The Mystery of John F. Kennedy’s Missing Brain

atkins bookshelf trivia

President John F. Kennedy’s brain was removed during an autopsy at Bethesda Naval Hospital (Bethesda, Maryland) on the day he was assassinated (November 22, 1963). The brain was note returned to the body, which was buried at Arlington Cemetery. Instead, the brain was placed in a metal box and stored at the National Archives. In 1966, JFK’s secretary, Evelyn Lincoln, discovered that the brain and other autopsy materials were missing. Although the matter was thoroughly investigated by Attorney General Ramsey Clark, the mystery was never solved. Conspiracy theorist immediately pounced on this to claim that the brain was destroyed to reinforce the single “magic bullet” theory. However, in his book, End of Days: The Assassination of John F. Kennedy, historian James Swanson presents a different explanation: he believes that JFK’s brother, Robert, stole the brain to prevent medical tests that would reveal the president’s poor health and extensive drug use. Swanson writes: “My conclusion is that Robert Kennedy did take his brother’s brain – not to conceal evidence of a conspiracy but perhaps to conceal evidence of the true extent of President Kennedy’s illnesses, or perhaps to conceal evidence of the number of medications that President Kennedy was taking.”

Exactly what drugs was JFK taking? Biographers and historians didn’t have to look to JFK’s brain for clues; instead they reviewed extensive records over several decades (like personal letters, Navy records, medical records, eyewitnesses, etc.) to discover all the medications that JFK was taking for his medical problems. And JFK suffered from more than his share of medical problems — he suffered from Addison’s disease, osteoporosis, intestinal problems (including ulcers), anxiety, sleep disorder, and allergies. To combat these maladies, JFK took codeine, demerol, procaine, methadone, Tuinal, steroids, and antihistamines, to name a few.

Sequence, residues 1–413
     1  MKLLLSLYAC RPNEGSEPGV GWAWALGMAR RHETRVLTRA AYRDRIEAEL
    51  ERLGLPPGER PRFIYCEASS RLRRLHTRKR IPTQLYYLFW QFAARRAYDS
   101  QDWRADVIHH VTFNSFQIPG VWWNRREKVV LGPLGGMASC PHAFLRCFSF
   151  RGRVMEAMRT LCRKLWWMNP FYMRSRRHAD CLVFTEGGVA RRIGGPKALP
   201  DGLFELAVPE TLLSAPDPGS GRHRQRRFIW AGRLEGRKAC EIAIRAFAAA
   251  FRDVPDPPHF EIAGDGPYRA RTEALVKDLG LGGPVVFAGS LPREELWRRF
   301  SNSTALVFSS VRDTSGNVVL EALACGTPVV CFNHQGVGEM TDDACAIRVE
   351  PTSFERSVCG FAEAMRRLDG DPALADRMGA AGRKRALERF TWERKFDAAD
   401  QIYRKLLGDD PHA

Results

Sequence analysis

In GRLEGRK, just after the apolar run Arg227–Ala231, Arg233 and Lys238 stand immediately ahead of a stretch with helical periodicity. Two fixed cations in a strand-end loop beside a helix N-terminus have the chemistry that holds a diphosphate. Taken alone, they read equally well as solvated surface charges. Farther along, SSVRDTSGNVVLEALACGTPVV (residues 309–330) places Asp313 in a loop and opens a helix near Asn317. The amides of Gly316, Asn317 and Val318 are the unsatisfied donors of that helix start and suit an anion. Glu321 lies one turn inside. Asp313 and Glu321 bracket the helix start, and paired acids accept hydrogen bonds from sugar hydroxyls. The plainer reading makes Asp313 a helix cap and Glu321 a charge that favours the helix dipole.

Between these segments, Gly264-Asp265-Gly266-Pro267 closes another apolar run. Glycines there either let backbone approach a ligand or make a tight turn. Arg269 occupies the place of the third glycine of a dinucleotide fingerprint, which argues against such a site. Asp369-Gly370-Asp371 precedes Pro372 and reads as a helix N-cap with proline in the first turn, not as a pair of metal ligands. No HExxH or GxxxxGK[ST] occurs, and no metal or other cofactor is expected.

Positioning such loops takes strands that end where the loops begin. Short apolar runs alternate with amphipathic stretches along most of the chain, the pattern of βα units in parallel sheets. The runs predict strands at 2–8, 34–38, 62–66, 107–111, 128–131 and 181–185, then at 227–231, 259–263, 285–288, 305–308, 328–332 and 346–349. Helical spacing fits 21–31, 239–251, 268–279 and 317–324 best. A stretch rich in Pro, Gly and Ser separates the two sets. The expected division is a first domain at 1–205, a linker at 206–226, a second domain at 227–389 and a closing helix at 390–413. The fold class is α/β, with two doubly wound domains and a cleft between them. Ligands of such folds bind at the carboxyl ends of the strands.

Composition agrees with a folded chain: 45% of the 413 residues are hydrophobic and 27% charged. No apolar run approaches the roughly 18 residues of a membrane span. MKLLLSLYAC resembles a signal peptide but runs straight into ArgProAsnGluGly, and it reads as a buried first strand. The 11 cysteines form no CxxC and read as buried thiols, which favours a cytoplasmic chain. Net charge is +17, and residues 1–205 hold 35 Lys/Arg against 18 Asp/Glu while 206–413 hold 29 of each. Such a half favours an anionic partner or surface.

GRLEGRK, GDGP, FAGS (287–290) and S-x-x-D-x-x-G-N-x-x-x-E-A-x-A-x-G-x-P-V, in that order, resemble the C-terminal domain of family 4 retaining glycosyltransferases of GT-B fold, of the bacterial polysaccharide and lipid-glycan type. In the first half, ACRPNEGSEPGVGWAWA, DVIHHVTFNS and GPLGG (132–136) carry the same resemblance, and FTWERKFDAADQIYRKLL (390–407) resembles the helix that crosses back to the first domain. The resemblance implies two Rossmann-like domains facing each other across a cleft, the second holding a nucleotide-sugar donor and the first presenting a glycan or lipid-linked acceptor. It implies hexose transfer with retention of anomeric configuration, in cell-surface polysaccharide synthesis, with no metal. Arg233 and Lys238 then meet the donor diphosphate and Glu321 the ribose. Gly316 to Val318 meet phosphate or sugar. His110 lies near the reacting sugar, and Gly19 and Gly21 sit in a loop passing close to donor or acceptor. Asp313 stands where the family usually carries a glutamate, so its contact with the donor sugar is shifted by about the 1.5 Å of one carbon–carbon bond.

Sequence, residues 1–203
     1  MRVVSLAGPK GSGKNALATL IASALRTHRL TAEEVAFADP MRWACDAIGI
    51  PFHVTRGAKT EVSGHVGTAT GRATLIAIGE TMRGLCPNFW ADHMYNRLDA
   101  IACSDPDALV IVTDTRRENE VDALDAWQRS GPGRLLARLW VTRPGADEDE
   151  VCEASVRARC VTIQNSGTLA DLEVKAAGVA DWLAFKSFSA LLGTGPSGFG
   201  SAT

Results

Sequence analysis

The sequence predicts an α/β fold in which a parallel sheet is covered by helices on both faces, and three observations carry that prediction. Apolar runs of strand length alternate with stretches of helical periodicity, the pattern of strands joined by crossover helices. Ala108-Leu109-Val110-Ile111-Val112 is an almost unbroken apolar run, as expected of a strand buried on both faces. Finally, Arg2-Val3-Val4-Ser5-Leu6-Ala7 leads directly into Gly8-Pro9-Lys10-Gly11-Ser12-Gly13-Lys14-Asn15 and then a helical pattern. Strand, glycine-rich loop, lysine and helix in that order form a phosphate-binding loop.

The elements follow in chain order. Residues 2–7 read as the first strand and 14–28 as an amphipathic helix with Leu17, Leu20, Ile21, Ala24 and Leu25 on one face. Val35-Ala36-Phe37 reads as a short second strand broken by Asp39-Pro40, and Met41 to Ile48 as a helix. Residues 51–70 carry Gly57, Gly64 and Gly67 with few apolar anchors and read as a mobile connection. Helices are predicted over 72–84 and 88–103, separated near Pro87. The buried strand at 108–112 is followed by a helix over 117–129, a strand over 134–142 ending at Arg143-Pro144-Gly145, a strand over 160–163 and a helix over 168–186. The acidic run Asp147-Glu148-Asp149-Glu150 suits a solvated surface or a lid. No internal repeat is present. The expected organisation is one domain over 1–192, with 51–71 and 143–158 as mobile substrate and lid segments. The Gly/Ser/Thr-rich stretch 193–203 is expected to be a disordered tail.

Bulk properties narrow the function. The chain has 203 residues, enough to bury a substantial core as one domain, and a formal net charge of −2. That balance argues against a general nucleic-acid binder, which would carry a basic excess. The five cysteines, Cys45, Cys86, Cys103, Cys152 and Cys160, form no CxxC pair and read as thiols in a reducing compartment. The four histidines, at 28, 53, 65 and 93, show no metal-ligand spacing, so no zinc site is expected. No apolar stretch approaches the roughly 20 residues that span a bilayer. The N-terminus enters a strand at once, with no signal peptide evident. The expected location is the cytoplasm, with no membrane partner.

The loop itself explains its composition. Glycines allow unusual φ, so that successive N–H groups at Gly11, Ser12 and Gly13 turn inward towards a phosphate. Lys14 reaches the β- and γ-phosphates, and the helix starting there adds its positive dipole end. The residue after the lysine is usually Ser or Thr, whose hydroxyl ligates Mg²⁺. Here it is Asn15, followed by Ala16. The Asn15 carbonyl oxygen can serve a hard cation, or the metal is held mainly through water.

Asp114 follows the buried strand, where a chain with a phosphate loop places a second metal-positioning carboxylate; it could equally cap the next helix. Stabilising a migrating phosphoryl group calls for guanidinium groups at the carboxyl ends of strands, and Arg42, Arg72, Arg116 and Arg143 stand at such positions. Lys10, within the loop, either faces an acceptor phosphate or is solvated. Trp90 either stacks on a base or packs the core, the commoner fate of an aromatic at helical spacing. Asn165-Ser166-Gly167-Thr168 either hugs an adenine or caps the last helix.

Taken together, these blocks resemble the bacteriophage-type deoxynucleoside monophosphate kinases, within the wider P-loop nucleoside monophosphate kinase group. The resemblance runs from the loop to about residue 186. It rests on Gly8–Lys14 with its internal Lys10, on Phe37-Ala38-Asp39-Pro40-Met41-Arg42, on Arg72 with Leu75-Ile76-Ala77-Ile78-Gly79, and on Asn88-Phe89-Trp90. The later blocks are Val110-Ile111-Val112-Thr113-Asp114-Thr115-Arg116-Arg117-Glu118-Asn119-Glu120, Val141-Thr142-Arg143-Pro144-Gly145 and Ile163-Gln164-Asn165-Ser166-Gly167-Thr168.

During the most stressful times of his presidency, Robert Dallek writing for The Atlantic in an article titled “The Medical Ordeals of JFK,” reports: “Kennedy was taking an extraordinary variety of medications: steroids for his Addison’s disease; painkillers for his back; anti-spasmodics for his colitis; antibiotics for urinary-tract infections; antihistamines for allergies; and, on at least one occasion, an anti-psychotic (though only for two days) for a severe mood change that Jackie Kennedy believed had been brought on by the antihistamines.” A review of Dr. Janet Travell’s (JFK’s personal physician) reveals the enormous level of suffering that Kennedy endured during the first six months of his presidency; Dallek writes: “The Travell records reveal that… Kennedy suffered stomach, colon, and prostate problems, high fevers, occasional dehydration, abscesses, sleeplessness, and high cholesterol, in addition to his ongoing back and adrenal ailments. His physicians administered large doses of so many drugs that Travell kept a “Medicine Administration Record,” cataloguing injected and ingested corticosteroids for his adrenal insufficiency; procaine shots and ultrasound treatments and hot packs for his back; Lomotil, Metamucil, paregoric, phenobarbital, testosterone, and trasentine to control his diarrhea, abdominal discomfort, and weight loss; penicillin and other antibiotics for his urinary-tract infections and an abscess; and Tuinal to help him sleep. Before press conferences and nationally televised speeches his doctors increased his cortisone dose to deal with tensions harmful to someone unable to produce his own corticosteroids in response to stress.”

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